ProSoundWeb Community

Please login or register.

Login with username, password and session length
Advanced search  

Pages: [1] 2  All   Go Down

Author Topic: 60hz hum on monitors but not mains?  (Read 4102 times)

Aaron Maurer

  • Full Member
  • ***
  • Offline Offline
  • Posts: 206
60hz hum on monitors but not mains?
« on: June 10, 2016, 12:08:51 pm »

So earlier this week I had an outdoor show that was moved inside due to weather. Small room seats 100 very tight. I pulled power from the wall outlets stage right and left. The stage right only had mains and stage left had mains and 3 monitors. System is all powdered speakers for reference. The mains either side no issues. The monitors using the same power source as stage left mains had a terrible hum. Due to the circumstances I had no time to work things out as the show was already pushed an hour behind schedule. I am pretty sure the FOH position was on a different circuit then the mains and monitors for reference. So my question is why the buzz in the monitors and not the mains? All three monitors on different aux sends were effected but not a sound "peep" from the mains? 
Logged

Mike Sokol

  • Moderator
  • Hero Member
  • *****
  • Offline Offline
  • Posts: 3342
  • Lead instructor for the No~Shock~Zone
    • No~Shock~Zone Electrical Safety
Re: 60hz hum on monitors but not mains?
« Reply #1 on: June 10, 2016, 12:37:58 pm »

So my question is why the buzz in the monitors and not the mains? All three monitors on different aux sends were effected but not a sound "peep" from the mains?
I've done a lot of testing with this and give you a few hints. First of all, different brands of speakers will exhibit more or less hum/buzz than others, mostly due to the "pin-1" problem. That is, some monitor wedges like Mackie will hum and buzz with very little ground loop current, down around 100 mA which can be caused by as little as 1/10 of the volt ground differential voltage. While others won't have the pin-1 problem and you can throw 5 amperes of ground loop current at them and they won't hum a bit. I know this because I've set up the experiment where I inject a variable amount of ground loop current into the shield of the speaker's XLR line. Again, some speaker brands hum like crazy with any ground loop current at all (your active monitors?) while some won't make a peep (your FOH main speakers?).

This is also why I keep a pair of Ebtech hum eliminator the XLR/TRS jacks. I can eliminate all hum and buzz from the monitors 99% of the time by simply putting an audio isolation transformer in series with the XLR cable. If you want to spend more money, get the isolation transformers from Whirlwind or Jensen. But the key is to break the ground loop path with a isolation transformer. And yes, sometimes you can get away with a pin-1 lift, but I generally don't have time during gigs to troubleshoot the details.

I will note that testing with a clamp-ammeter around the outside of the XLR cable is a great way to quantify just how much ground loop current is flowing in the shield path. I've found that there's typically around 1 ampere of current per volt of EGC ground wire differential. So 500 mA is likely caused by 1/2 volts or so differential voltage between two EGC connections.   
Logged
Mike Sokol
mike@noshockzone.org
www.NoShockZone.org

Keith Broughton

  • Hero Member
  • *****
  • Offline Offline
  • Posts: 3031
  • Toronto
Re: 60hz hum on monitors but not mains?
« Reply #2 on: June 10, 2016, 12:50:46 pm »

Isolation transformers are your friend.

http://www.rapcohorizon.com/p-373-isoblox.aspx
Logged
I don't care enough to be apathetic

Jonathan Johnson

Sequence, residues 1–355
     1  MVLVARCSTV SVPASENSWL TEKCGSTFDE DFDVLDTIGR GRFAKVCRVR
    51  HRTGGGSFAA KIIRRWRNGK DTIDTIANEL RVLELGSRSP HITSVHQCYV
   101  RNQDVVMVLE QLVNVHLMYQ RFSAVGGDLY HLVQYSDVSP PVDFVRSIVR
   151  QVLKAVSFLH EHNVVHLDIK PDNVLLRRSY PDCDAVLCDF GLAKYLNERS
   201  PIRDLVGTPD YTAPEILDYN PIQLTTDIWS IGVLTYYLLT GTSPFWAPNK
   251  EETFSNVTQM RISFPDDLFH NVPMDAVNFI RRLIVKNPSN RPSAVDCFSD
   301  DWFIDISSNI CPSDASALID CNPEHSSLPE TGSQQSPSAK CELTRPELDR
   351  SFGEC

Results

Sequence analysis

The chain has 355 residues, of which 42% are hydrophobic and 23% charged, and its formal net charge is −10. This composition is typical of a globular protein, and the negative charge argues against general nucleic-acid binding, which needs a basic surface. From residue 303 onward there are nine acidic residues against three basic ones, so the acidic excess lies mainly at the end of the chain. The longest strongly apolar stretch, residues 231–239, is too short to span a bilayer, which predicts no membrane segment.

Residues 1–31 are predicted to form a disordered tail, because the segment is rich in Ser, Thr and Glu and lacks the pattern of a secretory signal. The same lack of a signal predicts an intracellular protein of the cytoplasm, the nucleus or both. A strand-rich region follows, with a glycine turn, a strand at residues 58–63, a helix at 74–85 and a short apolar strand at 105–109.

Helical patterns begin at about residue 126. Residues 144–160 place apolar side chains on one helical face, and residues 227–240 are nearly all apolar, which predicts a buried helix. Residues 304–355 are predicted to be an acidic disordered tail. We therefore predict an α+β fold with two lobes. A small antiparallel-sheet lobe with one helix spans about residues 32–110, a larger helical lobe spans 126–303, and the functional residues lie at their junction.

• Hero Member
  • *****
  • Offline Offline
  • Posts: 2961
  • Southwest Washington (state, not DC)
Re: 60hz hum on monitors but not mains?
« Reply #3 on: June 10, 2016, 02:14:13 pm »

What Mike says is good advice. I'll add that lifting the safety ground on the power cord (i.e., with a "cheater plug" or breaking off the ground pin) is not an acceptable practice. Lifting the ground on the signal interconnect is generally not hazardous.

Connecting the power to a GFCI won't fix a hum problem, but it will provide a secondary layer of shock protection if the safety ground is compromised (like where someone broke off the ground pin to "fix" a hum problem).
« Last Edit: June 10, 2016, 02:21:22 pm by Jonathan Johnson »
Logged
Stop confusing the issue with facts and logic!

Aaron Maurer

  • Full Member
  • ***
  • Offline Offline
  • Posts: 206
Re: 60hz hum on monitors but not mains?
« Reply #4 on: June 10, 2016, 10:40:11 pm »

Thanks for the responses. Learn something everytime I get on here.
Logged

Mike Sokol

  • Moderator
  • Hero Member
  • *****
  • Offline Offline
  • Posts: 3342
  • Lead instructor for the No~Shock~Zone
    • No~Shock~Zone Electrical Safety
Re: 60hz hum on monitors but not mains?
« Reply #5 on: June 11, 2016, 07:27:03 pm »

Thanks for the responses. Learn something everytime I get on here.

I have one of these on my analog drive rack: http://whirlwindusa.com/catalog/black-boxes-effects-and-dis/specialty-interface-solutions/iso-8-line-level-isolator-and-balancer

I just wire up the L-R console outputs to channels 7 and 8 and the monitor sends to channels 1 thru 6 on the return snake. Then you can hook active mains and monitors to any grounded power without ground loop hum, no matter how much ground loop differential voltage there's between outlets.

On a side note, I just did an X32-Rack and S16 install at a church using a CAT-5 STP interconnect cable. But instead of bonding the shield on both ends, I lifted the shield on the RJ45/Ehtercon connector on the rack side. I have ZERO hum with this configuration, feeding a Crown amp up at the stage area. I think that's the correct way to run AES-50 between gear connected to different power outlets. Remember, I'm not talking about hum injected in the digital audio stream (that won't happen). It seems like the shield of the CAT-5 STP connection can inject ground loop current into the input of the analog amplifiers on stage. At least that's my hypothesis at this time.